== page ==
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Mitsubishi Magna AWD (2003-2005)

by John Ewing,reviewed August 2007

Many who bought late model Magnas when new would be painfully aware that they struggled to retain value.
But one man’s loss is another’s gain. Given their reliability, they look like one of the better used buys and the all-wheel-drive version one of the diamond brand’s diamonds.

What you get 

The TJ series Magna was already aging when the all-wheel-drive models arrived in series II cars in 2003. Mitsubishi’s local engineers cunningly grafted components from the EVO and Japan’s Diamante into the local Magna, making it the first locally built AWD car.

Three specifications were available, a base model – the Magna AWD, the mid-level Sport and the upmarket Verada AWD. The base model’s equipment included ABS, dual front airbags, alloys, LSD, air conditioning and alarm.

AWD versions continued in subsequent facelifted models, namely the TL (mid ’03 to late ’04) and TW series II (late ’04 to late ’05). These model changes brought improved standard features and revised naming for the three specification levels.

Engine outputs are 154kW and 310Nm, though some versions score an extra 5kW and 8Nm.

The all-paw action ceased when Magna was replaced in October 2005 by the new 380.

How it drives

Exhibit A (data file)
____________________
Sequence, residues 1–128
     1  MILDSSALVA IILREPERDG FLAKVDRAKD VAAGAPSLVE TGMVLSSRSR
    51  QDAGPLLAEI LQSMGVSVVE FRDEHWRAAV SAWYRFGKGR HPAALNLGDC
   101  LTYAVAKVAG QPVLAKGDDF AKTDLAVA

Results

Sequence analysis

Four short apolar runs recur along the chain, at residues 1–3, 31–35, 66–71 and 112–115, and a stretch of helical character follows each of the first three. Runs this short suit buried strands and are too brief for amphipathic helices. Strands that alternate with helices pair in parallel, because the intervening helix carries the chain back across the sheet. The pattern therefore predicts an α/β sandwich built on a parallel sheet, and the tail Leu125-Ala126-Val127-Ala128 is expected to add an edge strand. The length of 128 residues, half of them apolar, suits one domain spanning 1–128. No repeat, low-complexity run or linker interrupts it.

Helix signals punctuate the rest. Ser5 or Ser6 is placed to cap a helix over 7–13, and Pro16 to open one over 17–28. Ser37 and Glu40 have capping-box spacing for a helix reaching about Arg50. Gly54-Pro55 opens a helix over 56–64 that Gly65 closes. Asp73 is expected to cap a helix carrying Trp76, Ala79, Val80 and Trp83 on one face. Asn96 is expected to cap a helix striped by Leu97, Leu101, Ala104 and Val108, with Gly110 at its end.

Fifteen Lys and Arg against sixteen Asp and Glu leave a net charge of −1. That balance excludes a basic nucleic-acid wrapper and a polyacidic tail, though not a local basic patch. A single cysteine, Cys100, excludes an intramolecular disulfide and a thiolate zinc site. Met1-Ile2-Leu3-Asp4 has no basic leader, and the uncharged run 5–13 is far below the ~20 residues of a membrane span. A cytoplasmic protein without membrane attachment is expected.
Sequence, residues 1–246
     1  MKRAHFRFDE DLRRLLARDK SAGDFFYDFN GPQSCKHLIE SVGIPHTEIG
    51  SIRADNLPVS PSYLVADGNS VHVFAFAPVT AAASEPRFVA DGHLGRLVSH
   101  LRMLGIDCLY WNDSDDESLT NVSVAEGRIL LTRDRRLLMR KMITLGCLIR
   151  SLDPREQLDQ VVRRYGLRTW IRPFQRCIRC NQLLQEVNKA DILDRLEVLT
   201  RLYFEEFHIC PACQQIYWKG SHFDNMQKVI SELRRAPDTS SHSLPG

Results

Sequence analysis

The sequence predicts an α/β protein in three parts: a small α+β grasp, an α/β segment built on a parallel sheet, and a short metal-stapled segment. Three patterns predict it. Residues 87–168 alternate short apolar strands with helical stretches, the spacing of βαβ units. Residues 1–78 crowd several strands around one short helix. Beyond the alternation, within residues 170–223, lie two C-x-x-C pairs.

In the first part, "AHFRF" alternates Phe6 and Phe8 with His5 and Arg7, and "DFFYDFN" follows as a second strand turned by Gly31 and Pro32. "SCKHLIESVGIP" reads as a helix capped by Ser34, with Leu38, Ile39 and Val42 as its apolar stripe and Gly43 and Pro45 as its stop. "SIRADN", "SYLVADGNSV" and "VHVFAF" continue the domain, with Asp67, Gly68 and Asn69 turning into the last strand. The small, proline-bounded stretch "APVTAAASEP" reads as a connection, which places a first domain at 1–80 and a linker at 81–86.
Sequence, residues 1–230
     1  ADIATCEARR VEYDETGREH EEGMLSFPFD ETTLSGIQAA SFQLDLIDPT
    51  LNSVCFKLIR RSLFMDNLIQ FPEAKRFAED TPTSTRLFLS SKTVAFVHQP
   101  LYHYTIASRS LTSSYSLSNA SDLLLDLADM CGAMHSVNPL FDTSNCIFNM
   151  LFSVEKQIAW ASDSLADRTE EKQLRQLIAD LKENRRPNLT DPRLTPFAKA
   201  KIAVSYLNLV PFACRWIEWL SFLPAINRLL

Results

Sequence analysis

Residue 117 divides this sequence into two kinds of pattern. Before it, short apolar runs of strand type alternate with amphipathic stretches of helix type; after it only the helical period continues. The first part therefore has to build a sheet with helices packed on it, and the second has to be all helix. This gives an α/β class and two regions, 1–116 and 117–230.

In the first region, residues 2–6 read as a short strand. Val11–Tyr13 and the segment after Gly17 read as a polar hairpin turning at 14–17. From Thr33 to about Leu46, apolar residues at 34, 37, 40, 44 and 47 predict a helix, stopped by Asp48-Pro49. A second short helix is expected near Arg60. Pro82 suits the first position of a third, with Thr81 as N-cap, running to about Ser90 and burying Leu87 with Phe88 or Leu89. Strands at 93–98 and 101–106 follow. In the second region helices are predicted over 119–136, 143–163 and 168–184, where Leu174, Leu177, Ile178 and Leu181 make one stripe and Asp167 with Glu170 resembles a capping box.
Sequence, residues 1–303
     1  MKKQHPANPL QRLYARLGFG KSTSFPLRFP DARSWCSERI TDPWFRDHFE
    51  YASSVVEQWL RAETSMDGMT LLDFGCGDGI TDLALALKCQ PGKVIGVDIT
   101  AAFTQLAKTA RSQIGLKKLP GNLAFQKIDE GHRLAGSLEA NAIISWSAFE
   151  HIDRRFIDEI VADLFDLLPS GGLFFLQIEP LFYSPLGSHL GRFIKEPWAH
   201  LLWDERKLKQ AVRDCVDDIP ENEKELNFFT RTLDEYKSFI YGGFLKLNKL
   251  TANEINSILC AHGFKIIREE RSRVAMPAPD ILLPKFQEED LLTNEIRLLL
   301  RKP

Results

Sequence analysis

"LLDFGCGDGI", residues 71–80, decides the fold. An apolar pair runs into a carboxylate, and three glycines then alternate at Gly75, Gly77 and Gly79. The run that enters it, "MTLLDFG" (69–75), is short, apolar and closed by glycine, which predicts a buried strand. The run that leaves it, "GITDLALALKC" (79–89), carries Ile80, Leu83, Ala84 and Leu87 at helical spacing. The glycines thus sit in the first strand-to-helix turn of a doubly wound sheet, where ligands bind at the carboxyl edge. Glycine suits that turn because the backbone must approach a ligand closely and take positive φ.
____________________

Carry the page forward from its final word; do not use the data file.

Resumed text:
The 3.5-litre V6 is a smooth, responsive operator and is well matched to the INVECs II five-speed auto, the only box available in AWD versions. The weight gain due to the driveline layout punishes performance slightly, but more tellingly at the fuel bowser.

AWD models stand apart from their front-wheel-drive brothers for their grip levels, handy when roads turn wet and slippery or to gravel. There’s improved steering feel and the drive being fed to all wheels dials out most all the understeer that the two wheel drive versions suffer from. Upgraded Ralliart brakes boost stopping efficiency.

Reliability is sound, but proper scheduled servicing is important in preventing problems such as expensive damage due to engine sludging. Check for oil leaks – rocker cover and cam seals are some of the more common sites. Valve train noise may need further investigation. A few cars have experienced heater ‘O’ ring leaks, so look for signs of coolant loss onto the left front floor area – it’s expensive to fix.

Under the pump 

Magna AWD will use between 8.0 litres and 13.1 litres of fuel every 100km, depending on model and driving conditions.

What will it cost? 

For an indication of what you would pay for this vehicle please go to RACQ's online car price guide or contact our Motoring Advice Service on 07 3666 9148 or 1800 623 456 outside the Brisbane area.


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Mitsubishi Magna AWD 2003-2005

Car Details

Vehicle make Mitsubishi
Vehicle model Magna AWD
Year 2003
Current price range $ - $

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This review is based on road testing conducted by The Road Ahead. Further vehicle reviews, in-depth comparisons and coverage of consumer motoring issues can be found in the Club's magazine. Prices listed were current at the time of review and are manufacturers list prices and do not include statutory and delivery charges. Prices can vary from time to time and dealer to dealer.